Proponents of mayoral control claim that this system is more likely to promote efficiency because school-level decisions are placed in the hands of those who also make decisions about local taxes and revenues, child welfare, city safety, public health, recreation, job training, and economic development—all of which are related to the realm of education (Henig & Rich, 2004). However, mayoral control itself may not effect much change, as local policymakers can still “face much inertia in setting up an integrated governance structure for the school district” (Wong & Shen, 2005, p. 83). While this city-district collaboration may face structural barriers in fulfilling its intendent purpose, the school board can still be high impact when they select strong superintendents who can serve the district as transformational leaders, and when the school board maintains positive relationships with the district, with other local agencies, and with the public (Land, 2012).  

While the contentious tenor of SRC meetings suggests combative relationships with the Philadelphia public over these past several years, and it is unclear how well the SRC collaborated with the city’s various departments, it is evident that they respect the superintendent as a positive choice for the District. However, Philadelphia has not been part of C-SAIL’s study up to this point, and we have therefore not spoken to any Philadelphia district or school board officials to get a sense of how this relationship may impact the implementation of college- and career- readiness (CCR) standards, the central policy focus of our Center. Philadelphia will be an important part of C-SAIL research starting this year and for at least the next three years.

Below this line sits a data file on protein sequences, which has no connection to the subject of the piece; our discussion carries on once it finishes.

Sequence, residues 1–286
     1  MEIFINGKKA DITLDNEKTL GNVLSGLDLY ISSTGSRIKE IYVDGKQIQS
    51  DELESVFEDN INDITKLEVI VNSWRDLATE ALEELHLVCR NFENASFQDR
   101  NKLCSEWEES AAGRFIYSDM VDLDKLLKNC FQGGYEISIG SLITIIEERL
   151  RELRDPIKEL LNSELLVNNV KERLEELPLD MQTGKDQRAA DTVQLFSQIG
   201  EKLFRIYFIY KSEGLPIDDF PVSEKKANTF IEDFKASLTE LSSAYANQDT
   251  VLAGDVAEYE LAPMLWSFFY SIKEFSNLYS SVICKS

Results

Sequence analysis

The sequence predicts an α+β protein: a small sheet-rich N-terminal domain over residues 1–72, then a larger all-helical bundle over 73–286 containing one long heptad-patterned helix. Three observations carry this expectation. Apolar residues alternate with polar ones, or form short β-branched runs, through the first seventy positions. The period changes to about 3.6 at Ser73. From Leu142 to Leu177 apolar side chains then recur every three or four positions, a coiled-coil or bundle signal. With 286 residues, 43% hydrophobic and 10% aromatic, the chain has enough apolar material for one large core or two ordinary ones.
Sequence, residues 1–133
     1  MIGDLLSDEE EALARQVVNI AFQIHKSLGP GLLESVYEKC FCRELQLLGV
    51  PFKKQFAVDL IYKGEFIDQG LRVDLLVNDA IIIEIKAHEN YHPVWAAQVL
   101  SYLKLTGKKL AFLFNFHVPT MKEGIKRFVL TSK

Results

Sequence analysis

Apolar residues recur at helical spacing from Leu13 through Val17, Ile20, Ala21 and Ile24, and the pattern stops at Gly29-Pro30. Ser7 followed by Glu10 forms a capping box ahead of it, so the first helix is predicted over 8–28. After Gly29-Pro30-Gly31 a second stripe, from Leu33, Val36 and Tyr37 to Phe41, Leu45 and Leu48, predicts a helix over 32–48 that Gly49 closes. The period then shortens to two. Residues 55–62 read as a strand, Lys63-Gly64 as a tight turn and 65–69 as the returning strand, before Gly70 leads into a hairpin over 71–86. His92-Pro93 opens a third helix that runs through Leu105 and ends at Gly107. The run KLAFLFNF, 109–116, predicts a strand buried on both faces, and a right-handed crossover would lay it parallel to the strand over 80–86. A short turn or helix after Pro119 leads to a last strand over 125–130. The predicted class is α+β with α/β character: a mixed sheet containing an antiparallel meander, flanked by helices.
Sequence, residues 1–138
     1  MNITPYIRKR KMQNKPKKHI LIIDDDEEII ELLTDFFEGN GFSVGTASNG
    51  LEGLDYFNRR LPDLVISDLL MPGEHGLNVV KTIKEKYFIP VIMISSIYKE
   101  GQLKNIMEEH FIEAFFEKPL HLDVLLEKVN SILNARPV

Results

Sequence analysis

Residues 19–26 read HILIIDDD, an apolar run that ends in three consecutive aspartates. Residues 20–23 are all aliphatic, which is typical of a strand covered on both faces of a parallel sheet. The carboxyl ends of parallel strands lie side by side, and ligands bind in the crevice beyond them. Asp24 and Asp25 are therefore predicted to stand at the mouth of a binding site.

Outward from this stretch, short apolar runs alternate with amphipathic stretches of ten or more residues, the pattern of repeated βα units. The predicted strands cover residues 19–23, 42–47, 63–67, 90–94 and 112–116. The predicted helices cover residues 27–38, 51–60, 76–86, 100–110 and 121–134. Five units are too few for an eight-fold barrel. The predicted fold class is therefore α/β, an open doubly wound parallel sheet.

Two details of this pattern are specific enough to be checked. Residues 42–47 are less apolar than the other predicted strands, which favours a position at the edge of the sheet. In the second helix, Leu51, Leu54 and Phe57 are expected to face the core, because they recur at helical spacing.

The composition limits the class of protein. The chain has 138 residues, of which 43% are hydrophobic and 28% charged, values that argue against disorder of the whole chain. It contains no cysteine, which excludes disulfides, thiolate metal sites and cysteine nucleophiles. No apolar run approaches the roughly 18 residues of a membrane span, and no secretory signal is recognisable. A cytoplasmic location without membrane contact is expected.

In C-SAIL research thus far, at least one Kentucky, Ohio, and Texas district in our study, on the other hand, have testified to the supportive nature of their school boards, and how their support has facilitated the districtwide implementation of the CCR standards. Below, I highlight the perspective of one of these district leaders, who describes the mutually beneficial relationship the district holds with the board:  

Our school board is so supportive. Honestly, I was in four other districts before I came here and there were things that our school board supports and funds that you wouldn’t even think to ask in other districts.